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Richard STRAUSS (1864-1949)
Salome (1905) Final Scenea; Dance of the Seven Veils. Five Orchestral Songsa: Cäcilie, Op. 27 No. 1 (1894) [1'58]; Wiegenlied, Op. 41 No. 1 (1899) [4'18]; Ich liebe dich, Op. 37 No. 2 (1896-8) [2'13]; Morgen!, Op. 27 No. 2 (1894) [3'45]; Zueignung, Op. 10 No. 1 (1885, orch. 1940) [1'35].
Arrigo BOITO (1842-1918)
Mefistofele (1868) Prologo in cielob [25'22].
aMontserrat Caballé (soprano); bNicolai Ghiaurov (bass); bKonzertvereinigung Wiener Staatsopernchor; bGumpoldskirchner Spatzen; aOrchestre National de France, bWiener Philharmoniker/Leonard Bernstein.
Rec. aMaison de la Radio, Paris, in May 1977, bGrosser Musikvereinsaal, Vienna in April 1977. ADD
DEUTSCHE GRAMMOPHON ELOQUENCE 476 2467 [66'32]


If Richard Strauss and Arrigo Boito do not necessarily seem obvious bedfellows, there is a logic to his disc. Both sequences were recorded within a month of each other, but one also wonders, given the diabolic tale of Mefistofele, whether the character Salome is seen as some She-Devil equivalent? Certainly Montserrat Caballé has a voice that cuts like a knife and sends appropriate shivers down the spine - mine, at least - and the final scene is wonderfully portrayed. The excerpt begins at the line, 'Es ist kein Laut zu vernehmen'. Caballé needed someone at the helm that could match her genius, so no surprises that Caballé + Bernstein = Dynamite. Bernstein ensures there is raw energy running through this scene, with brass positively snarling at every opportunity. More, the sensual moments verge on the obscene yet when there is true Straussian melodic outflow (as around 15'50), it sweeps the listener away unapologetically. Riveting.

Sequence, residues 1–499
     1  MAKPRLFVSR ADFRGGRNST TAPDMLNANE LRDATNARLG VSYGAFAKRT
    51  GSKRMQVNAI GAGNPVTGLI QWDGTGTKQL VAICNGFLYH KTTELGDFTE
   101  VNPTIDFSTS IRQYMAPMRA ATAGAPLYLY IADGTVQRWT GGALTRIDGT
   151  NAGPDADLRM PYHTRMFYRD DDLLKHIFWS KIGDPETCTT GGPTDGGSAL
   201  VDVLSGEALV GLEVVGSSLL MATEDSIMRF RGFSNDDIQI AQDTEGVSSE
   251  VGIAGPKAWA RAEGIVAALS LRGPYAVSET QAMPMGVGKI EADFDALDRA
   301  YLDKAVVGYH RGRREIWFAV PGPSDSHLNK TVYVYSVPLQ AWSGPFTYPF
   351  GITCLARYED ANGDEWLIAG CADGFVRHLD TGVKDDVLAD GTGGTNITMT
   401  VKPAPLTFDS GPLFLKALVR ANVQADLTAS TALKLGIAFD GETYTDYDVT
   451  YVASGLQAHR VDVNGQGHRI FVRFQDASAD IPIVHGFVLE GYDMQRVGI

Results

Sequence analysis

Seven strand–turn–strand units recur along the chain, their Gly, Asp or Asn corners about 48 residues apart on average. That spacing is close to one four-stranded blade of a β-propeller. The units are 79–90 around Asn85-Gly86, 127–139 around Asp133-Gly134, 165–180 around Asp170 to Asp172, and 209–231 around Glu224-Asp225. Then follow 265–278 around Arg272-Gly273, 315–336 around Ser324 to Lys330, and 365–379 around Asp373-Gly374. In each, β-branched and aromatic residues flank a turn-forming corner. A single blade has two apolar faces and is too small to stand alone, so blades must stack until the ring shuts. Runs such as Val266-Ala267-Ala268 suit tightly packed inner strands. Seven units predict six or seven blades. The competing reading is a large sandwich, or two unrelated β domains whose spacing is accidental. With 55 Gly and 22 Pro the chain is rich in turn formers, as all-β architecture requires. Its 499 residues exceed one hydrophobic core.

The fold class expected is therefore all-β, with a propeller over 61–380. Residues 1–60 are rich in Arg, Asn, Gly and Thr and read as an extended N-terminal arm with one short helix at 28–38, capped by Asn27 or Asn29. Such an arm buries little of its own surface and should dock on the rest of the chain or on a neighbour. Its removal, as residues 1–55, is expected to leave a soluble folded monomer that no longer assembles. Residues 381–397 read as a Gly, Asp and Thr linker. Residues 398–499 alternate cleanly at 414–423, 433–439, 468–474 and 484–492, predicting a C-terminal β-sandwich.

Quite a surprise then that the 'Dance of the Seven Veils' is surprisingly literal as it runs its course. This mundane tendency, though, is held within the arms of a real elementalism (just try the beginning!). But there are some problems here. Despite great detail coming through, the recording is uncomfortably and falsely close, rather obviously multi-miked - and so lacks full ambience.

Only Bernstein, surely, could have encouraged an orchestra to begin Cäcilie so radiantly as this. And here is confirmation that Caballé has an ideal Strauss voice, luxurious yet with a slight edge. Bernstein's web of sound that opens Wiegenlied leads to a slightly heavy of voice soloist entry (even though Caballé has indeed lightened her tone). Still, it comes across as the Straussian fairy tale it is.

Morgen contrasts with a dramatic Ich liebe Dich. The solo violin in Morgen is possibly on the wiry side, but on the credit side there is an affecting simplicity to Caballé's interpretation.

The strings of Zueignung are very accurate, but slightly lifeless. Caballé, on the other hand, is in miraculous form here what a way to end the group!

Mefistofele blazes onto the scene here. The recording seems to constrict a little around 50 seconds in though. Nevertheless this is intense stuff. Lenny clearly will brook no criticism that this is second-rate opera. His soloist, Nicolai Ghiaurov, despatches 'Ave, signor' with aplomb, but is rather too smooth ... and also careful. Much better is the black 'Intermezzo drammatico' and the 'Salmodia finale' ('Salve Regina!'), with its magnificent chorus. Hugely impressive.

The inclusion of texts would have been good, but at a purely musical level this remains amongst the cream of the Eloquence catalogue.

Colin Clarke


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